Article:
Happy Wheels - 1997 Mazda MX-5 Miata Long-Term Road Test
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1997 Mazda MX-5 Miata Long Term Road Test

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1997 Mazda MX-5 Miata: Happy Wheels

February 08, 2011

 1997 Mazda MX-5 Miata: Happy Wheels

Wow. Those small pulleys generate tons of fun. I'm not sure you could get any better response to throttle input unless you were riding atop the engine, pulling on the butterfly. It wasn't until driving back to the office this morning that I put two and two together. Several years ago, Oscar Jackson said he was working on a new project with Rotrex superchargers. I remember that his original company, Jackson Racing, not only excelled at Honda supercharging, but also in force-feeding Miatas. Then the light went on, and I was happy to hear Editor JayKav confirm my hunch.

Oscar was one of the first heavy technical minds I met in the Honda world, and always gracious with his time. He indulged our magazine staff's notions of building a Super GT-spec NSX for the street. A raised glass to him and JayKav for this ridiculously fun car in its present state.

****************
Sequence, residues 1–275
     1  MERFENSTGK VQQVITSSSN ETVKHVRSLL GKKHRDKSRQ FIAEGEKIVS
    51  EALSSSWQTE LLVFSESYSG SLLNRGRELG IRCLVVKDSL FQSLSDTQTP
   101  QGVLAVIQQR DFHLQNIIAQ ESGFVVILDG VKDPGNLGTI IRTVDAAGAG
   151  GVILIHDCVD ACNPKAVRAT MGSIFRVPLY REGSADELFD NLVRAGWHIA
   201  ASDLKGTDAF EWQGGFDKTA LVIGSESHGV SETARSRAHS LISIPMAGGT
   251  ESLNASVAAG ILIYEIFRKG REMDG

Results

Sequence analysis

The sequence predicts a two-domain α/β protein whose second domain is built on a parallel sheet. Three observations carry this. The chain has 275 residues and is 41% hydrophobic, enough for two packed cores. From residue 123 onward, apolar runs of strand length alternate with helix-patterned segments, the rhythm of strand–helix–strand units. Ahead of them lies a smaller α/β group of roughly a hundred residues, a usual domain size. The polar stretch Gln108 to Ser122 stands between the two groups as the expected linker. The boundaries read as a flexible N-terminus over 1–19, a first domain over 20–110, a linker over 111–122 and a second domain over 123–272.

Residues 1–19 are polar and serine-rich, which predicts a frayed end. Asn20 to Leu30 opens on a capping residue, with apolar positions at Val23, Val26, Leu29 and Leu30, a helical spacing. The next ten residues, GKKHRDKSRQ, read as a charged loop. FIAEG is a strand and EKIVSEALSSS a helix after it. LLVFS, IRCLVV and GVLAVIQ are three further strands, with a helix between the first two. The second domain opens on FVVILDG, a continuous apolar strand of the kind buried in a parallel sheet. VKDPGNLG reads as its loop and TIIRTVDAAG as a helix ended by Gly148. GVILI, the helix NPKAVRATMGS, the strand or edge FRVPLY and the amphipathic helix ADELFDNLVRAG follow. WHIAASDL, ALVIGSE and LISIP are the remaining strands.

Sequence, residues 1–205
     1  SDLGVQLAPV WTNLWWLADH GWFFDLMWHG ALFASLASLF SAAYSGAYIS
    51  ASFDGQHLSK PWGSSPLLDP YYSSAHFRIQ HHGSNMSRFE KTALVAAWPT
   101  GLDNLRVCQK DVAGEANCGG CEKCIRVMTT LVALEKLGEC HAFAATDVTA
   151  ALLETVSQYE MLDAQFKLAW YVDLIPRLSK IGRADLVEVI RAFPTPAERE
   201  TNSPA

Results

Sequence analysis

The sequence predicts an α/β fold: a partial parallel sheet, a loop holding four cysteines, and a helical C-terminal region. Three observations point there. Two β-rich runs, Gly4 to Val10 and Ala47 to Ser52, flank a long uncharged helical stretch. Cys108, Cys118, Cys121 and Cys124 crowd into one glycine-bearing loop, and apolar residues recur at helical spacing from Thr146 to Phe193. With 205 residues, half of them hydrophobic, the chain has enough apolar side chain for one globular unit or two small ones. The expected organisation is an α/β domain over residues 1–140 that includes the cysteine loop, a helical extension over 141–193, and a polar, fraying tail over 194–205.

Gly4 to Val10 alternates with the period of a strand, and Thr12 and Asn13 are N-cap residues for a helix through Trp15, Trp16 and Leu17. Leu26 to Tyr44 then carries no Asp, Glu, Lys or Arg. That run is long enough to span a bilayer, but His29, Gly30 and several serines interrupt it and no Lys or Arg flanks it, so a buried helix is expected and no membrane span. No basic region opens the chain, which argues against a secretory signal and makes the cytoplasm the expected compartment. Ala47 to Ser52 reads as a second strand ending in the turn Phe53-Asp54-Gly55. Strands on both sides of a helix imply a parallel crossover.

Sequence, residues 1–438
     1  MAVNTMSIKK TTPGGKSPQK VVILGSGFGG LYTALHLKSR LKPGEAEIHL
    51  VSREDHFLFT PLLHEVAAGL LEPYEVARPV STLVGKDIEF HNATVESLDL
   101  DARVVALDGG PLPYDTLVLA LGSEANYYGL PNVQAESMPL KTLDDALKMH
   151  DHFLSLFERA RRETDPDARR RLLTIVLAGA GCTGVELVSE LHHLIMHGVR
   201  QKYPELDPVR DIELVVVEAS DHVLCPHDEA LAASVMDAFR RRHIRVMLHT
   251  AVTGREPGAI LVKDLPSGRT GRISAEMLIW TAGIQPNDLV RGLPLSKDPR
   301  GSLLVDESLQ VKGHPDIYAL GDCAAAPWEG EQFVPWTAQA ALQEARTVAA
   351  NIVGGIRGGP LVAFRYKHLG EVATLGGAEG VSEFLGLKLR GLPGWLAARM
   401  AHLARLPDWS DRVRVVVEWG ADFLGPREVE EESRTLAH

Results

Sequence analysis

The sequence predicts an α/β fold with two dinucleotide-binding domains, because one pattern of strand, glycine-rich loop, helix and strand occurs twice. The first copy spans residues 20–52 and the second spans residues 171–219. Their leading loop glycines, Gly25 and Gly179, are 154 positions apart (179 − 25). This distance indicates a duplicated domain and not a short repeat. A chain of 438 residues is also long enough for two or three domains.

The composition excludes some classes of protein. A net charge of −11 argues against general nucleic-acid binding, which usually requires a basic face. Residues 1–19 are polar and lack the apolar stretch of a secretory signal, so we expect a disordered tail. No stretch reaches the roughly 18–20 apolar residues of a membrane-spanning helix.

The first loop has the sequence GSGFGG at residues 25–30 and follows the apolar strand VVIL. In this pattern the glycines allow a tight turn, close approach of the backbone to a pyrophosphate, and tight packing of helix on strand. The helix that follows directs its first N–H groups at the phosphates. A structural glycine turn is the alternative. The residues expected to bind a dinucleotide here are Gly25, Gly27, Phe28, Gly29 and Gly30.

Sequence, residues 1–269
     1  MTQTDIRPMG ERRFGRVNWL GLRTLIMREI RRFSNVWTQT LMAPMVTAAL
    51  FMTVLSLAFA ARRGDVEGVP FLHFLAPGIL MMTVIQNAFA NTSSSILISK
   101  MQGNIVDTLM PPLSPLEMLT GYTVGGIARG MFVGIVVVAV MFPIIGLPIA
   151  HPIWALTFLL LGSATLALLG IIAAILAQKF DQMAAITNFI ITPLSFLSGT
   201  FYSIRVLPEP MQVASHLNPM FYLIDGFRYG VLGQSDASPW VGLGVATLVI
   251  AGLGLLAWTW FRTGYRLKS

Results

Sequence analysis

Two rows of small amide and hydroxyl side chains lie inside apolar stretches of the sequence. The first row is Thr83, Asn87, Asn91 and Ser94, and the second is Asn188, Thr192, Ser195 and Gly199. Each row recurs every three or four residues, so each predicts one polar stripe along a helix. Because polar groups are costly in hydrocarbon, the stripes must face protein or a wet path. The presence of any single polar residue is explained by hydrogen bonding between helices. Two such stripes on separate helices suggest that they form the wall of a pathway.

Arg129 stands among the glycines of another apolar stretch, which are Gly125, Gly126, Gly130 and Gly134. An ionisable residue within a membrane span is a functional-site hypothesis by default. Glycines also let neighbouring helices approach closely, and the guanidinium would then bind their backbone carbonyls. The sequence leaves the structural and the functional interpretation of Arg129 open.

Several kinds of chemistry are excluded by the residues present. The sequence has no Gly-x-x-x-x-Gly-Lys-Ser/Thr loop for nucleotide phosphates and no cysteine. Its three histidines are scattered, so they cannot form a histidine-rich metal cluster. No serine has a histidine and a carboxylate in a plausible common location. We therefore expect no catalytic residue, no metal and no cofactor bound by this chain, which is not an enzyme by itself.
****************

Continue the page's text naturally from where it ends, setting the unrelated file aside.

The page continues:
Even after a loud and bumpy 100-mile commute, no muscloskeletal complaints. It's stiff, but not stone.

Momo wheel and shift stalk feel perfect. The Miata is like a perfect bookend to the Z06; they appeal to different senses, but both get to the matter: thrilling acceleration and satisfying speed.

But Project Miata is loud. All that tire, road, and bypass valve noise sounds like an old faucet left to run wide open. There's a radio in there -- a nice Sony and some good speakers -- but it's a losing battle. It's more fun to listen to the blower whine, anyway.

That slight, rising whistle is the only thing I can figure attracted a pair of clownballs in separate Mazda3's to buzz by at different points in the commute, one in a 5-door, one in a sedan. Both were either just showing some oddball Mazda love or asserting some misplaced authority.

Then later, a Miata came up quick in the rearview mirror, hung on the bumper for a couple of seconds, then made a clean jerk to the left and eased up alongside. Don't think he was prepared for Project Miata to put three car lengths on him in seconds. Good laugh watching him scramble to catch up, then hammer off to whichever Kookville he came from.

Still not sure what inspired all the attention. To a nearby motorist, Project Miata looks like a quiet, docile two-seater. No aftermarket exhaust grumble. Maybe it's the stance? The hardtop? The molting trunklid? Come on, Jay - straightpipe and racing stripe next!

-Dan Frio, Automotive Editor


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